“I think she’s got a lot of talent, she’s really fast, she’s got good pace, very smart on the ball. I think she’s got to keep grinding away, and be able to continue to keep that level for an entire game. But great tournament for her so far, and she’s got a lot of good years ahead of her.”

Pugh will continue to play for the U-20 national team – the World Cup for that level of soccer is in November. She will also keep fit for a possible spot on the final Olympic roster by training with a boys’ team back home in Colorado. Ellis can take only 18 players to Brazil.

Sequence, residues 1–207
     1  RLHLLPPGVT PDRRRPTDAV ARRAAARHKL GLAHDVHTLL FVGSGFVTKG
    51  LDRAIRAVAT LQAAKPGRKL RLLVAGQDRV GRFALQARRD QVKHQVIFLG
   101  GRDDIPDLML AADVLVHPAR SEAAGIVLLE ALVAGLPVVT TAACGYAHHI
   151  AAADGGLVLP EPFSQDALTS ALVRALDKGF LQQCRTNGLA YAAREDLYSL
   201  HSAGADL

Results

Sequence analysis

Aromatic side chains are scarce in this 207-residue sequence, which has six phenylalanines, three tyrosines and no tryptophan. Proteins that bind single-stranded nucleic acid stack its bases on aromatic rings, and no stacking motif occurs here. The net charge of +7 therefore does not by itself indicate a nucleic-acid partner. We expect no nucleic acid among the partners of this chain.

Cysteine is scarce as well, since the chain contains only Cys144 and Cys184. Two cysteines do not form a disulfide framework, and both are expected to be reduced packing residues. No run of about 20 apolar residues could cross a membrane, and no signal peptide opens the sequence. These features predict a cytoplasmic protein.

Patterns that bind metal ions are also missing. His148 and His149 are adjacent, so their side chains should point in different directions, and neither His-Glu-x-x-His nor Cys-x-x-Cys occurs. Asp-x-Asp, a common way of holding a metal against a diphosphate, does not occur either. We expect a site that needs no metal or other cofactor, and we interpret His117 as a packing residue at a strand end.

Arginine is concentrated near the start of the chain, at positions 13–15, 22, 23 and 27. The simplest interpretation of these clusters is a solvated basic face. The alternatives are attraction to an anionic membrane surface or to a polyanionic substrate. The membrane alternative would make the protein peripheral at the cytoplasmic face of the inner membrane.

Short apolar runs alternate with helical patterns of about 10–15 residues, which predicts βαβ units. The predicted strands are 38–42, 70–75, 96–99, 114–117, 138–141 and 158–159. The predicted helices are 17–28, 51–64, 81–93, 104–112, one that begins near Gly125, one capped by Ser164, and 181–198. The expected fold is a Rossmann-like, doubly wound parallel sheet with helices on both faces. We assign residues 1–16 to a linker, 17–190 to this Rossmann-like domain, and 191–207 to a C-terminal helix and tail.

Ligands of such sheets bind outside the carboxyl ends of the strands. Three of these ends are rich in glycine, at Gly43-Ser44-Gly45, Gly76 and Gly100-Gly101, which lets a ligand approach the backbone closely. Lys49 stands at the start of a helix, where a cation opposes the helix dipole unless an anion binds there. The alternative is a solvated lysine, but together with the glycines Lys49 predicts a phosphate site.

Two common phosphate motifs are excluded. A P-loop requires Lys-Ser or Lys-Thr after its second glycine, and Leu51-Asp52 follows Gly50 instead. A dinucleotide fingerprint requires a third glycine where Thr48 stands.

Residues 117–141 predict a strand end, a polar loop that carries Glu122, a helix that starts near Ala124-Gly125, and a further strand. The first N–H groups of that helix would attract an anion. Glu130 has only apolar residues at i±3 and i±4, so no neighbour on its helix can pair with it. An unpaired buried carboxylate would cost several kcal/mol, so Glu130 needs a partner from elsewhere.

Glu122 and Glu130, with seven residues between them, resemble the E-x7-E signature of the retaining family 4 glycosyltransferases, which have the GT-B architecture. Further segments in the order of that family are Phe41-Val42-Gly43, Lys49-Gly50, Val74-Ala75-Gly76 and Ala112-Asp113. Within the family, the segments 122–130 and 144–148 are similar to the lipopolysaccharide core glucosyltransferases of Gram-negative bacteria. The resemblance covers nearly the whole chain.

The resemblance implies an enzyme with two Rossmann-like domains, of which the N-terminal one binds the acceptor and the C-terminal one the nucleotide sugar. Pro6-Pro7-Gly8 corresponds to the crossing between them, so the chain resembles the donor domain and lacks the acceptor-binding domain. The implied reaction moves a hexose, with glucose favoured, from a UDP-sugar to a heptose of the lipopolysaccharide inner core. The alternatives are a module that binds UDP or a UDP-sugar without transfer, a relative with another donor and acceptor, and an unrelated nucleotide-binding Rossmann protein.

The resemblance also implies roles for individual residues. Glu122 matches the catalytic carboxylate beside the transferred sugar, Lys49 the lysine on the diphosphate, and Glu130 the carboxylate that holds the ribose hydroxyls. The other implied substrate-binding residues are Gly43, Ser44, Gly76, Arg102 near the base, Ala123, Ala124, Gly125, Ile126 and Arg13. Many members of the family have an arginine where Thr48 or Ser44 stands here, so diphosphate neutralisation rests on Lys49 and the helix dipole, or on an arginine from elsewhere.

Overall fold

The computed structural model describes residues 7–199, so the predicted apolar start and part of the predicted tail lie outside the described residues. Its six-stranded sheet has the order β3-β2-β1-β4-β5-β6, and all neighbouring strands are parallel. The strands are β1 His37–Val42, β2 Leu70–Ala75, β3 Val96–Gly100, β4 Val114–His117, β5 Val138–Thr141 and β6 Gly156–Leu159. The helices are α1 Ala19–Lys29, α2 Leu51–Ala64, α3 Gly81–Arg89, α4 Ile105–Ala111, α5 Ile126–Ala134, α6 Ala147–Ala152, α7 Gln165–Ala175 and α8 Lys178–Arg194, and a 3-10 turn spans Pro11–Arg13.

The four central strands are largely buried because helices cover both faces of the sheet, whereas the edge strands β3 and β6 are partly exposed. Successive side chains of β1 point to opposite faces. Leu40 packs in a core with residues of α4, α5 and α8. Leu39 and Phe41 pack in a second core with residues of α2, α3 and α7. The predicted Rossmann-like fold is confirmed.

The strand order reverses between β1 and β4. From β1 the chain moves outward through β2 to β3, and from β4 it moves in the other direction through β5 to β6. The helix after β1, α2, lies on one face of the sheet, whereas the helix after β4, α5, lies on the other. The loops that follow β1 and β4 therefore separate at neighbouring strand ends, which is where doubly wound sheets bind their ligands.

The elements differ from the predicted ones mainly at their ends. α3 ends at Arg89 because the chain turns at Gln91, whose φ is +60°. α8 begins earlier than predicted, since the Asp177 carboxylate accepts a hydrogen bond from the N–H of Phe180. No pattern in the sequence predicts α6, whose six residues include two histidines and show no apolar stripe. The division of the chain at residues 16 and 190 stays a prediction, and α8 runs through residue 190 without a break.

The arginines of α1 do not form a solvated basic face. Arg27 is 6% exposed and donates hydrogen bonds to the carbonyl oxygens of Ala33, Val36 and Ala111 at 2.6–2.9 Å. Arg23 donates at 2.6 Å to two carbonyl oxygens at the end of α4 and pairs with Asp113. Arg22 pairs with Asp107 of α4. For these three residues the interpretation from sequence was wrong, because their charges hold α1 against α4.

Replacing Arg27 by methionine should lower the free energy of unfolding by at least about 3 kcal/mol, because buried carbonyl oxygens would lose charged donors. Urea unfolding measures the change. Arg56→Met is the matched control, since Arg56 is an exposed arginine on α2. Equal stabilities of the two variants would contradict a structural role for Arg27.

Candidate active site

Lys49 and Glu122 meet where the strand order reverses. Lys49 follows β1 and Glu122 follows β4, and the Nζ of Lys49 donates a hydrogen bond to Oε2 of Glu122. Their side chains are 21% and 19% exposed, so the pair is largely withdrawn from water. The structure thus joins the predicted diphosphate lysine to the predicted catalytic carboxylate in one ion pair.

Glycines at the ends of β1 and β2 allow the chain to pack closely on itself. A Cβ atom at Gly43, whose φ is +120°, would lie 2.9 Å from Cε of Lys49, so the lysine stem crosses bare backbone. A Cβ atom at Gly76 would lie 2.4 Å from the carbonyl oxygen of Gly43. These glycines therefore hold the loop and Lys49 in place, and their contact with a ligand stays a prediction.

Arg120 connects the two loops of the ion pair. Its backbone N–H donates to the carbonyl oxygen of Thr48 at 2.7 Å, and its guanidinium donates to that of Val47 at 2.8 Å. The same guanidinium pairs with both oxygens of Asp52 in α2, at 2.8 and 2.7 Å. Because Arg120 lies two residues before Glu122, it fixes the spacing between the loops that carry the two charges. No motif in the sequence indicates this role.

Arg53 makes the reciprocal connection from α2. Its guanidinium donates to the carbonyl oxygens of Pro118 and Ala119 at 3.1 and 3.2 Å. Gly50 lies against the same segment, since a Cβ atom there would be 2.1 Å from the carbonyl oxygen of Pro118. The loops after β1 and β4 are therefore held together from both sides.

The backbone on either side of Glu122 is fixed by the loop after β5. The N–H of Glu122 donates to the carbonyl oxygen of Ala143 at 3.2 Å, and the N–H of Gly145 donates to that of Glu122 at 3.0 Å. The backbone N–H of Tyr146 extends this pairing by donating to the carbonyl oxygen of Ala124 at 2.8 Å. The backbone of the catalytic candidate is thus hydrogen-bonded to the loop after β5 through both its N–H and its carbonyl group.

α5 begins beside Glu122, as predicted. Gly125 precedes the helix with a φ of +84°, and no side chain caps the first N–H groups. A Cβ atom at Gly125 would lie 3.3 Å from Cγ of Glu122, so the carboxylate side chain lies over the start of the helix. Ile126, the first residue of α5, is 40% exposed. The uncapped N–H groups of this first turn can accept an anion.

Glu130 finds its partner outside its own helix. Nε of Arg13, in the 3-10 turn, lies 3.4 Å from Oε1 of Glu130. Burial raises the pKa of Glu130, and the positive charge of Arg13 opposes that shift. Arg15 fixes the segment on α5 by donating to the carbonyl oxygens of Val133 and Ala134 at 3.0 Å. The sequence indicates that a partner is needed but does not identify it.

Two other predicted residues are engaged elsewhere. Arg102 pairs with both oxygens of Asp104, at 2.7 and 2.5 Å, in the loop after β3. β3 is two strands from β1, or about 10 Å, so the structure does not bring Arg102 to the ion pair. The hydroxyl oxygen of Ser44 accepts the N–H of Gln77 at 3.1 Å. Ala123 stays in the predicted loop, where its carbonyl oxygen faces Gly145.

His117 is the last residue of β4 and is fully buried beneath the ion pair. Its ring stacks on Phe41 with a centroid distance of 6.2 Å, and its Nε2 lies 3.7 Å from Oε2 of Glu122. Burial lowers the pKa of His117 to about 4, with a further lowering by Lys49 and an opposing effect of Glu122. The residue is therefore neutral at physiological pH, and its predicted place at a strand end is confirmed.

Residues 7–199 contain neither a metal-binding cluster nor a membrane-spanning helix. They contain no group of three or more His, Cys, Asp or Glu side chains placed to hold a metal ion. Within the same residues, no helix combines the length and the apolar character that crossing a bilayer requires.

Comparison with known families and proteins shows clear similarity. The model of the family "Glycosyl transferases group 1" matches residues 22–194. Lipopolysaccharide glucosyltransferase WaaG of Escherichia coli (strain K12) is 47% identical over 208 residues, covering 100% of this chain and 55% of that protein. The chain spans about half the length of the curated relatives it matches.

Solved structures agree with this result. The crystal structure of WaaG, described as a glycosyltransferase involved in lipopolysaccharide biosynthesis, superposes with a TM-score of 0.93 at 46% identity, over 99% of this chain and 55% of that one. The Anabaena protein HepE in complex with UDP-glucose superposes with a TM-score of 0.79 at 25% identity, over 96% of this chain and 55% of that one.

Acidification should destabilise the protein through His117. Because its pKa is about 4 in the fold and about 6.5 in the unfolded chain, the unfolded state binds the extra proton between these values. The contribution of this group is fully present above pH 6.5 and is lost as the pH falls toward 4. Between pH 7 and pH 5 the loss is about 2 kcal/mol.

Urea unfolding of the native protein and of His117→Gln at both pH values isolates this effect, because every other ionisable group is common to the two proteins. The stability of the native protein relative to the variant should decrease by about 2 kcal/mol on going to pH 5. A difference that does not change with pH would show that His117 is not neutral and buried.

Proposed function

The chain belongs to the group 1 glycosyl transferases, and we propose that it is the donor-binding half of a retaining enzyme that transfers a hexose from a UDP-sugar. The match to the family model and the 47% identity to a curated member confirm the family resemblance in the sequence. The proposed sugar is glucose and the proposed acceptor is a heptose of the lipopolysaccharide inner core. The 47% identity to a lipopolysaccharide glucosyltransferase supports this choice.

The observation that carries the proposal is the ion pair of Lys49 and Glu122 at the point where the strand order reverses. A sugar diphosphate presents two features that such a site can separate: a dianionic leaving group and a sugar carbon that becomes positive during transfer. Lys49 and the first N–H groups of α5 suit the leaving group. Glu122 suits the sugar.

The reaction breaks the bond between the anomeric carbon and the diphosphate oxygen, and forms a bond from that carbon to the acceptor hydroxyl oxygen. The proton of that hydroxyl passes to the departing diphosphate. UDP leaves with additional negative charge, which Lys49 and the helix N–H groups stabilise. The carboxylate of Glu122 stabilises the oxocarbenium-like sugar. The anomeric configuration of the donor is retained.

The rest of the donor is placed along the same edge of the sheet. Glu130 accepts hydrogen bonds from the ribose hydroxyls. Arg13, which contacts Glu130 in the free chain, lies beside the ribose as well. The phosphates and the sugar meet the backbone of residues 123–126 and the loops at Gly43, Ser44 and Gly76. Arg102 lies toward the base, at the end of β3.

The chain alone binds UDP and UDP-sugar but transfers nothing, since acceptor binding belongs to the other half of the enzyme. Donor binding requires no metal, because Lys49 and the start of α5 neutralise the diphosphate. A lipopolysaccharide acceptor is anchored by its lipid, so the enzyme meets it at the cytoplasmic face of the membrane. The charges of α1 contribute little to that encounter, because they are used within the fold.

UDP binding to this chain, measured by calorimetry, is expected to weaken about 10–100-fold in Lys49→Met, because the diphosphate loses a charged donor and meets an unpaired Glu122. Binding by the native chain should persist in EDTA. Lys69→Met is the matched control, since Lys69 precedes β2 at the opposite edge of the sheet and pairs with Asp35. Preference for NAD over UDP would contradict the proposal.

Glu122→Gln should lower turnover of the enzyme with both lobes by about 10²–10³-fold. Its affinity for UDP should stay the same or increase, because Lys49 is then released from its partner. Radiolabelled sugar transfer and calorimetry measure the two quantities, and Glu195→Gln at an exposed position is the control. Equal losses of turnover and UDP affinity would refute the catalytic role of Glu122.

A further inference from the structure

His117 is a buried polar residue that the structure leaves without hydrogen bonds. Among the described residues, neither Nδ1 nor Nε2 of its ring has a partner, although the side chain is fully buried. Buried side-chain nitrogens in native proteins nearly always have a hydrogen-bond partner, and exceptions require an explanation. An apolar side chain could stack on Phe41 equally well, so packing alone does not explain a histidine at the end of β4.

And she’ll also get ready for her freshman year at UCLA in the fall.

“Mallory Pugh, being on the field, it was so cool,” goalkeeper Hope Solo said following the victory. “I was so proud for her to start. To be honest, she didn’t seem nervous. She just seemed excited and happy. It was good energy.”

MORE: Carli Lloyd ranks Olympic final-winning goals, World Cup hat trick

Ski jumping World Cup season kicks off in Poland

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The World Cup ski jump season opens Friday with men’s team and individual events in Wisla, Poland.

The host country had three of the top five jumpers in the overall standings last year. Defending champion Kamil Stoch placed third, Piotr Zyla was close behind in fourth, and Dawid Kubacki was fifth.

Japan’s Ryoyu Kobayashi dominated last year’s competition, finishing with 2,085 points to 1,349 for runner-up Stefan Kraft of Austria, the 2017 World Cup champion.